Violence, Satanism, and Distortion: The Frenzied World of Black Metal
Through dense thickets of pine and spruce a magnificent twelfth century church stood nestled in the pristine Norwegian wilderness. The towering edifice was entirely constructed of wood, and scaly shingles blanketing the multi-leveled exterior coupled with dragon motifs jutting from the high gable-points amounted to a mystically powerful structure. The church was one of thirty-two surviving “stave churches” throughout Europe, though the architectural style’s cathedral-like prowess had become synonymous with Norway (Moynihan & Søderlind p. 81-84). Sitting on a hilltop near the western coast of Norway, the church was hidden from the world, existing in an immaculate balance between the natural world and human history. In the misty Norwegian morning on June 6th, 1992, however, the church was swallowed by flames, the work of an arsonist (Gardell p. 306). One of Norway’s most cherished cultural and historical monuments was diminished to smoking ashes, and as more and more cases of church burnings occurred throughout Norway, a bewildered country found itself asking, who among us is capable of such destruction?
The answer began to emerge from an underground music scene the media ominously labeled “The Black Circle.” United around an extreme offshoot of heavy metal known as Black Metal, the seemingly cultish albeit disorganized society was linked to a third of the nearly sixty cases of arsons or attempted arsons in Norway. This brutal phenomenon and its corresponding characters raise some fascinating questions regarding music’s role in modern society, the power of the individual, and the existence of pure evil in the world today.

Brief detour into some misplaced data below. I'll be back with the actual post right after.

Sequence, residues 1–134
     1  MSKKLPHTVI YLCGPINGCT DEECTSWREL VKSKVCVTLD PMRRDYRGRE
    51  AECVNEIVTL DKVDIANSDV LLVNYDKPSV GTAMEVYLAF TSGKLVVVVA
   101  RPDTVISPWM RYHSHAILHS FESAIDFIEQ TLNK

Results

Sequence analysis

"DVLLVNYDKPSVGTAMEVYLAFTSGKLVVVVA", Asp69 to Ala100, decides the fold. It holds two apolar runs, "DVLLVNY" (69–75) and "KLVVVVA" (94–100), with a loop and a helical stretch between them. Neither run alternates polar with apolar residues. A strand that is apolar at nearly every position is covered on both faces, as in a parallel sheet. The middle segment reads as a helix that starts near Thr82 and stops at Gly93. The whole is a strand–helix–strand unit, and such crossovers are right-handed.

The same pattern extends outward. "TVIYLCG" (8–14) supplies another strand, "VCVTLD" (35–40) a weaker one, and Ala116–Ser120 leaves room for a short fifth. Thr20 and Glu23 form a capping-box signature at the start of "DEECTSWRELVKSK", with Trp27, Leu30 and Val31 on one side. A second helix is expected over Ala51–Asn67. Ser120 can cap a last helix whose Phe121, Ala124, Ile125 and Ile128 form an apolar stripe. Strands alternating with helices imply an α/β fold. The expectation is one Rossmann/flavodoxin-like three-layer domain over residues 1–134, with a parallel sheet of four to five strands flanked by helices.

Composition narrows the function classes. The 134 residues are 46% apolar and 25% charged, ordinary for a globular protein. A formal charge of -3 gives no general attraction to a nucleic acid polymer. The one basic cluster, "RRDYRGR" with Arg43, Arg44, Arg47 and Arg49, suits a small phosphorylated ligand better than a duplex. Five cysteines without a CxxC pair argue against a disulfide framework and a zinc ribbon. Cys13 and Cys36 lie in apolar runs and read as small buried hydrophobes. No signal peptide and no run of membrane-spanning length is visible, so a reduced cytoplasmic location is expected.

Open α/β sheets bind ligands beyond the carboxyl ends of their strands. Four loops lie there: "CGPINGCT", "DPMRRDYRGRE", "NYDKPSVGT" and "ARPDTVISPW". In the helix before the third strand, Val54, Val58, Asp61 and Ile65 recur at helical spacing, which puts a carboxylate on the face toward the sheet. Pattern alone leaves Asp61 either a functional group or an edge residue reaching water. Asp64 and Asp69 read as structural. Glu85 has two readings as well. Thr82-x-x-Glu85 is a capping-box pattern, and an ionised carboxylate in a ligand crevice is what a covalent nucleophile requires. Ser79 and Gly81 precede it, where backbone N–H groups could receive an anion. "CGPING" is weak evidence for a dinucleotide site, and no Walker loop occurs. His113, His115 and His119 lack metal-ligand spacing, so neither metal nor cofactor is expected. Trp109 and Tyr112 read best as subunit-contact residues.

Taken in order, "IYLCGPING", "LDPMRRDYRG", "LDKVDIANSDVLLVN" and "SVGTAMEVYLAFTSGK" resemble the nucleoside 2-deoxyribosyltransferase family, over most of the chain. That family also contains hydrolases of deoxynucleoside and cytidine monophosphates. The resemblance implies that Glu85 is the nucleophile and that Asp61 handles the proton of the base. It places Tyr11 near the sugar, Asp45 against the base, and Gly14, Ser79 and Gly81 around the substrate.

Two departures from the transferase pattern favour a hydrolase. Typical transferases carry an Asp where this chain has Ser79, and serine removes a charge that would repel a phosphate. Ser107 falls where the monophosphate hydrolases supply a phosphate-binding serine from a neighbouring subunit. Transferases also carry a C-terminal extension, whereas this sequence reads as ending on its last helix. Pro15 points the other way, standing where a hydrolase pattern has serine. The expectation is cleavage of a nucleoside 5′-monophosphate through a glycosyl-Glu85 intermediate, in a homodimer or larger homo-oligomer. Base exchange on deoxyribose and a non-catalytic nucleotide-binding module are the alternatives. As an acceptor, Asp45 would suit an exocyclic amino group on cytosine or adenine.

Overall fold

To begin a discussion of Black Metal one must logically begin at the conception of its umbrella genre, the distorted colossus that is Heavy Metal. The birth of metal can be traced anywhere from the creation of the electric guitar in the 1920’s to the early 1980’s, when heavy metal materialized as a distinctly different form of music from hard rock. Sonically inspired by the acid-fueled rock and roll of the 1960’s with its distorted edginess and emphasis on high volume, bands like Led Zeppelin and Black Sabbath took the standard components of rock and roll-- electric guitar, bass guitar, drums, and vocals--to a more intense and characteristically abrasive realm. The term “heavy metal” comes from Steppenwolf’s 1968 hit “Born to Be Wild” in which the band describes the sensation of freedom at the wheel of a car or motorcycle as “heavy metal thunder” (Weinstein p. 19).